The Good Guy Guaranty is a clause located in many commercial leases in New York. It is a special clause in a commercial lease agreement that allows one or multiple guarantors to be held personally responsible for timely rent and other fees to the landlord on the lease. An individual guarantor/guarantors will be “good guys” and personally guarantee the terms of the lease, paying rent and any other additional charges as they become due.
How Does it Work?
If a tenant is unable to pay rent, the tenant will give the landlord adequate notice, around three months or more, and vacate the premises. The tenant must pay the respective rent fees until they vacate the space. So long as the space is left in a good state, broom-clean condition, the landlord will not keep the tenant legally responsible for the rest of the rent payments on the lease after they vacate. If these conditions are met, the guarantors to the Good Guy Guaranty will no longer be bound by the terms. This Good Guy Guaranty does not just let the tenant break the commercial lease early, it lifts the personal responsibility of the Good Guy guarantors if all the conditions are met.
If the tenant is up to date on rent and leaves the space in broom-clean condition, the guarantors may be released from responsibilities. However, the tenant or actual entity on the lease could still be pursued legally by the landlord for breaking the lease early. The landlord is still within their right to sue the entity on the lease for the amount that would have been due in rent for the rest of the lease. However, the landlord would have no action against the guarantors under the Good Guy Guaranty because all the conditions were met. Any judgment would be against the entity/tenant and not the guarantors.
What is the Purpose of this Clause?
This clause is a tool to guarantee rent payment and is designed to alleviate the hassle of tenants breaking commercial leases. It minimizes or helps a company escape personal liability when a company. can no longer afford to pay rent. This clause puts the two parties at ease without the hassle of incurring expensive legal battles. The Good Guy Guaranty can be integral to the transaction by providing the guarantor with relief from personal liability, providing security to the landlord for a specific time, and most importantly, returning the leased property to the landlord – vacant, and unencumbered, and otherwise in the condition required under the lease. This saves the landlord the time and expense necessary to regain possession of the leased property and they can begin remarketing the property early.
Is the Good Guy Guaranty used in Florida?
It is not common to see this clause in a Florida commercial lease. However, that does not mean it cannot be used. If you want further information on the Good Guy Guaranty, see F N.Y. Prac, Landlord and Tenant Practice in New York § 4:237 to gain a better understanding.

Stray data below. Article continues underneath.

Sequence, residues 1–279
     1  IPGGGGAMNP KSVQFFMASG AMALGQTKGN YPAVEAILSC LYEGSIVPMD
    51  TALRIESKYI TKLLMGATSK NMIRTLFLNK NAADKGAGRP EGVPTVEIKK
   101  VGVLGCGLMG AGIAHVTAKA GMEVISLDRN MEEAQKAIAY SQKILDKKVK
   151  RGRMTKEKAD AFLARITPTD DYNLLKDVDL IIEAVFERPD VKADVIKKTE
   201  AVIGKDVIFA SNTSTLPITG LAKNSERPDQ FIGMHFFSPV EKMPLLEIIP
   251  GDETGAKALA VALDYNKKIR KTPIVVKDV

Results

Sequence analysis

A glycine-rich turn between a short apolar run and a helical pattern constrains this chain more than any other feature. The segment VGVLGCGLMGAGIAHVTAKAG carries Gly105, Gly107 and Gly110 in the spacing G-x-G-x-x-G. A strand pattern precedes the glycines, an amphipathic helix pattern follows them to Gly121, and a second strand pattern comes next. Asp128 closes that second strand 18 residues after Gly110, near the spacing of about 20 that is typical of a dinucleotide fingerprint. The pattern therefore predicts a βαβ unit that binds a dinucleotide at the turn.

Under Florida Law, what is a Landlord’s Duty to Mitigate Damages in a Commercial Lease?
Unlike most other states, Florida does not require a landlord to mitigate damages even in residential properties. If you, as a tenant, leave your rental before the lease is finished, the landlord can hold you responsible for all future rent payments. The landlord has no responsibility to re-rent the unit or space after the tenant leaves.
A viable option for a tenant is to find a subletter to take their place for the remainder of the lease. According to Florida law, a landlord cannot unreasonably refuse the tenant offered as a replacement.
In commercial leases, a landlord has no duty to mitigate damages. A commercial landlord is not under a duty to mitigate unless it retakes possession of the premises. Generally, a commercial landlord does not have a duty to mitigate after a tenant breaches the lease. However, there is a recognized exception where the commercial landlord retakes possession of the premises for the benefit of the tenant.
If a commercial landlord retakes possession of the premises, they have a duty to exert reasonable effort to mitigate.
What can a Commercial Landlord do if the Tenant Breaks the Lease?
Florida courts generally do not impose a duty on commercial landlords to mitigate damages arising from a tenant default.
- The landlord can retake possession of the property for their own purposes, treating the lease as terminated. Termination of the lease releases the tenant from future rent obligations left on the lease. The lease and obligations of the tenant both end. Therefore, there is no duty to mitigate damages.
- The landlord can retake possession of the premises with the goal of getting a new tenant. This secures a new tenant while keeping the breaching tenant liable for all unrecovered rent. The landlord has a duty to mitigate damages and exert reasonable effort to get a new tenant for the premises. The landlord must make a good faith effort to secure a new tenant at fair market value.
- The landlord can choose to do nothing. The landlord can continue collecting rent from the breaching tenant and has no duty to mitigate damages. However, this option is not commonly utilized. The premises could remain vacant for long without any rental income. The prior tenant may be insolvent, so the landlord doing nothing may continue to financially harm them.
See Fla. Stat. § 83.595 for more information on choice of remedies upon breach or early termination by a